Monday, November 16, 2009
First great era of miling studied in new book
Conquerors of Time is the story of the first great era of miling from 1932-1936 and culminating in the 1500m at the 1936 Berlin Olympic Games.
It is the story of the runners who combined to achieve one of the most competitive eras in the sport, predominantly from both sides of the Atlantic Ocean, and resulting in the most eagerly awaited event at the Berlin Games.
Forget Jesse Owens' triumph, that was expected in the 100m, 200m and long jump. What the masses were waiting for was the race that pitted the Americans, headed by the world record-breaking supremo Glenn Cunningham, Gene Venzke and Archie San Romani, the defending champion from Italy, Luigi Beccali, the Englishmen Sydney Wooderson and the silver medalist in 1932 Jerry Cornes, the Canadian from British Guiana, Phil Edwards and the New Zealander who was a Rhodes Scholar to Oxford University, Jack Lovelock.
Their races, their ups, their downs, their injuries, their lives are all looked at in depth in the lead-up to the race which was going to take a world record to win, but who would the winner be? Even Adolf Hitler didn't want to miss the race, and it was held up while he took his place in his official box.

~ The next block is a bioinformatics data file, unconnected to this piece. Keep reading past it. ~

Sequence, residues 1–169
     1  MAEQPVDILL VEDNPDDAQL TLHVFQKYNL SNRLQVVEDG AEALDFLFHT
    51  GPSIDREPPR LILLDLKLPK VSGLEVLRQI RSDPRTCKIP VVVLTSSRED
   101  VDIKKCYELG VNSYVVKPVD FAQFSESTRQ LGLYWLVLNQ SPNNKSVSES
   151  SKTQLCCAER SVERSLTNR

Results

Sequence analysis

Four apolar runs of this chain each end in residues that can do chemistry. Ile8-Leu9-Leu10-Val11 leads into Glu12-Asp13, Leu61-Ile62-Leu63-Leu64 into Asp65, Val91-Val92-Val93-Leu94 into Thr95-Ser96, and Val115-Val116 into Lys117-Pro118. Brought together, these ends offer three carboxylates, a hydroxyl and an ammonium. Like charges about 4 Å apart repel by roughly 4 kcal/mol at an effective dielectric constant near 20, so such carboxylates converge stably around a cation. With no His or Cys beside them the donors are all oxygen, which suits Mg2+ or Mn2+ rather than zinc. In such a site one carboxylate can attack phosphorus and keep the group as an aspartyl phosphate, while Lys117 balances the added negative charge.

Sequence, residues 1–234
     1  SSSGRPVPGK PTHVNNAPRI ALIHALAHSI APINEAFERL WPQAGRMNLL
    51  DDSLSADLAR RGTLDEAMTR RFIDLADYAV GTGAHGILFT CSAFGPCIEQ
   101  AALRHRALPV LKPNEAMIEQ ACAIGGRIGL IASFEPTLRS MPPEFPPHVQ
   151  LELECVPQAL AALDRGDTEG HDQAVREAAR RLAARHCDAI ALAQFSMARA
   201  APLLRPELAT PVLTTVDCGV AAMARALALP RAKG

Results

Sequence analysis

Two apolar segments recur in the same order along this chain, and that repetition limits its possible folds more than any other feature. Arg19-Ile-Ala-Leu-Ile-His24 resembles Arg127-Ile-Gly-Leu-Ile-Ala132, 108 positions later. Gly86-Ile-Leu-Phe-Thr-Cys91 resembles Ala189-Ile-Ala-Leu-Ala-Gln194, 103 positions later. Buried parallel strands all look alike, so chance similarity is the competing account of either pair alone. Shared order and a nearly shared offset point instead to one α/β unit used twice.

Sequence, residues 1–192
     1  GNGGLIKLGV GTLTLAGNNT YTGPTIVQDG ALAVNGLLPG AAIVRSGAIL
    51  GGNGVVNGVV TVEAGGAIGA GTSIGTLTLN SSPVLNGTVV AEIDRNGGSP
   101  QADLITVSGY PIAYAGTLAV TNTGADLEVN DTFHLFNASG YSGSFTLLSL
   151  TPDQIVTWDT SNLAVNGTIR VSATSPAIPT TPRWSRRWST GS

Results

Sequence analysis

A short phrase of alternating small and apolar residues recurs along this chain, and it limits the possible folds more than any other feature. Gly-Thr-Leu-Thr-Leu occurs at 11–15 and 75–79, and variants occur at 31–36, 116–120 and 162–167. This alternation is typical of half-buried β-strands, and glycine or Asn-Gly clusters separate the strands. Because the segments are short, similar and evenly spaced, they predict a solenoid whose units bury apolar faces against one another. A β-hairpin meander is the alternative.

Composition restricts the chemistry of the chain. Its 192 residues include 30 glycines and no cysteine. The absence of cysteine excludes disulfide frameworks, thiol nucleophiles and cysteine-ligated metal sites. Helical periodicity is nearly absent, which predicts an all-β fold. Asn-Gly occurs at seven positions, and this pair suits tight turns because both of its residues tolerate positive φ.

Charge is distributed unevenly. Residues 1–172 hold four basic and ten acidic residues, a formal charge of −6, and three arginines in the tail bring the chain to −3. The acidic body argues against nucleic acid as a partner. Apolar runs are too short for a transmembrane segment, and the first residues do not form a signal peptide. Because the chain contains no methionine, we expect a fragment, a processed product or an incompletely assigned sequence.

A revolutionary tactic was unleashed to claim the race, a tactic still in vogue among the top competitors in the 1500m nowadays. Author Lynn McConnell, in his 16th book, studies the lead-up to the event, the plotting that went into winning the race and brings to light new information in the understanding of this unique brotherhood of athletes.
Their lives after the race also provide much fascinating material and McConnell has spanned the globe in the search for information to bring the characters to life. Families have been a great source of information and the story unfolds in a compelling example of sport from a golden era.